5. Chou, H. T. G., & Edge, N. (2012). They are happier and having better lives than I am”: the impact of using Facebook on perceptions of others' lives. Cyberpsychology, Behavior, and Social Networking, 15(2), 117-121.

  6. Fox, J., & Moreland, J. J. (2015). The dark side of social networking sites: An exploration of the relational and psychological stressors associated with Facebook use and affordances. Computers in Human Behavior, 45, 168-176.

  7. Fox, J., Jones, E. B., & Lookadoo, K. (2013). Romantic relationship dissolution on social networking sites: Social support, coping, and rituals on Facebook. Paper presented at the 63rd Annual Conference of the International Communication Association, London, UK.

  8. Hochberg, M. S., Berman, R. S., Kalet, A. L., Zabar, S. R., Gillespie, C., & Pachter, H. L. (2013). The stress of residency: recognizing the signs of depression and suicide in you and your fellow residents. The American Journal of Surgery, 205(2), 141-146.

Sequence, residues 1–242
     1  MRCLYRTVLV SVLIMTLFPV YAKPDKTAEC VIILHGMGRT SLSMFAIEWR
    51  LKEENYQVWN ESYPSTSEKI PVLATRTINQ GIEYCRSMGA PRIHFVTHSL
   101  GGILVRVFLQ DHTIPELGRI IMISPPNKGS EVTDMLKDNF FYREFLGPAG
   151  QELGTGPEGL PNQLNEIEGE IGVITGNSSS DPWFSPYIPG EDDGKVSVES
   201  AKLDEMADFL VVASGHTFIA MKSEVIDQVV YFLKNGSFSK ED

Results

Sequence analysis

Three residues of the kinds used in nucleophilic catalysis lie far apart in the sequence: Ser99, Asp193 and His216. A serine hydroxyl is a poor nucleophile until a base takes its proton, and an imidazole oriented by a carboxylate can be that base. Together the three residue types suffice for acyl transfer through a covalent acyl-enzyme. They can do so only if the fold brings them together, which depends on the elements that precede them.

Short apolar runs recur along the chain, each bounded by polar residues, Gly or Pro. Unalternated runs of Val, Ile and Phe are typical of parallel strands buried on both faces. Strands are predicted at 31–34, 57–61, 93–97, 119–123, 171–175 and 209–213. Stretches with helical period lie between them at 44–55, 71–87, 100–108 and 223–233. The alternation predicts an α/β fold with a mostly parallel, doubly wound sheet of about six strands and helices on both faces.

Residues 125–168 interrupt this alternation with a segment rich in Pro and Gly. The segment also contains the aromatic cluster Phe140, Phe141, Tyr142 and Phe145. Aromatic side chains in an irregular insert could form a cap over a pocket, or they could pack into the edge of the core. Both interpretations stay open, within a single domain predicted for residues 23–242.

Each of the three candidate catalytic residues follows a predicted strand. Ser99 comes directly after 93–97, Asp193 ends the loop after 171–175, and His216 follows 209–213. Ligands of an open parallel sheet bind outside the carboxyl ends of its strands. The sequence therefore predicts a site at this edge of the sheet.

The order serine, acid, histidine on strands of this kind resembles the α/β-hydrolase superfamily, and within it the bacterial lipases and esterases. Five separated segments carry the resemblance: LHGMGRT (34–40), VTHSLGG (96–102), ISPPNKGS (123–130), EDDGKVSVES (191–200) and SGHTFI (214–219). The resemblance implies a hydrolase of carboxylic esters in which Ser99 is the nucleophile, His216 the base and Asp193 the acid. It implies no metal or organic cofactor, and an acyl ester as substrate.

9. Hong, H. K., Han, S. Y., Lee, J. W., Kim, M. S., & Han, K. S. (2015). A Study on the Effects of SNS Fatigue and Ambivalent Attitude on the Intention on SNS Continual Use. International Journal of u-and e-Service, Science and Technology, 8(10), 129-138.

  10. Hsu, C. L., & Lu, H. P. (2004). Why do people play on-line games? An extended TAM with social influences and flow experience. Information & management, 41(7), 853-868.

  11. Kim, A. J., & Ko, E. (2010). Impacts of luxury fashion brand’s social media marketing on customer relationship and purchase intention. Journal of Global Fashion Marketing, 1(3), 164-171.

  12. Koo, D. M. (2009). The moderating role of locus of control on the links between experiential motives and intention to play online games. Computers in Human Behavior, 25(2), 466-474.

  13. Krämer, N. C., & Winter, S. (2008). Impression management 2.0: The relationship of self-esteem, extraversion, self-efficacy, and self-presentation within social networking sites. Journal of Media Psychology, 20(3), 106-116.

  14. Kross, E., Verduyn, P., Demiralp, E., Park, J., & Lee, D. S. (2013). Facebook Use Predicts Declines in Subjective Well-Being in Young Adults. PLoS ONE, 8(8).

  15. Lee, A. R., Son, S. M., & Kim, K. K. (2016). Information and communication technology overload and social networking service fatigue: A stress perspective. Computers in Human Behavior, 55, 51-61.

  16. Lin, K. M. (2013, May). The negative critical incidents of social network service: An exploratory study. In Service Science and Innovation (ICSSI), 2013 Fifth International Conference on (pp. 96-99). IEEE.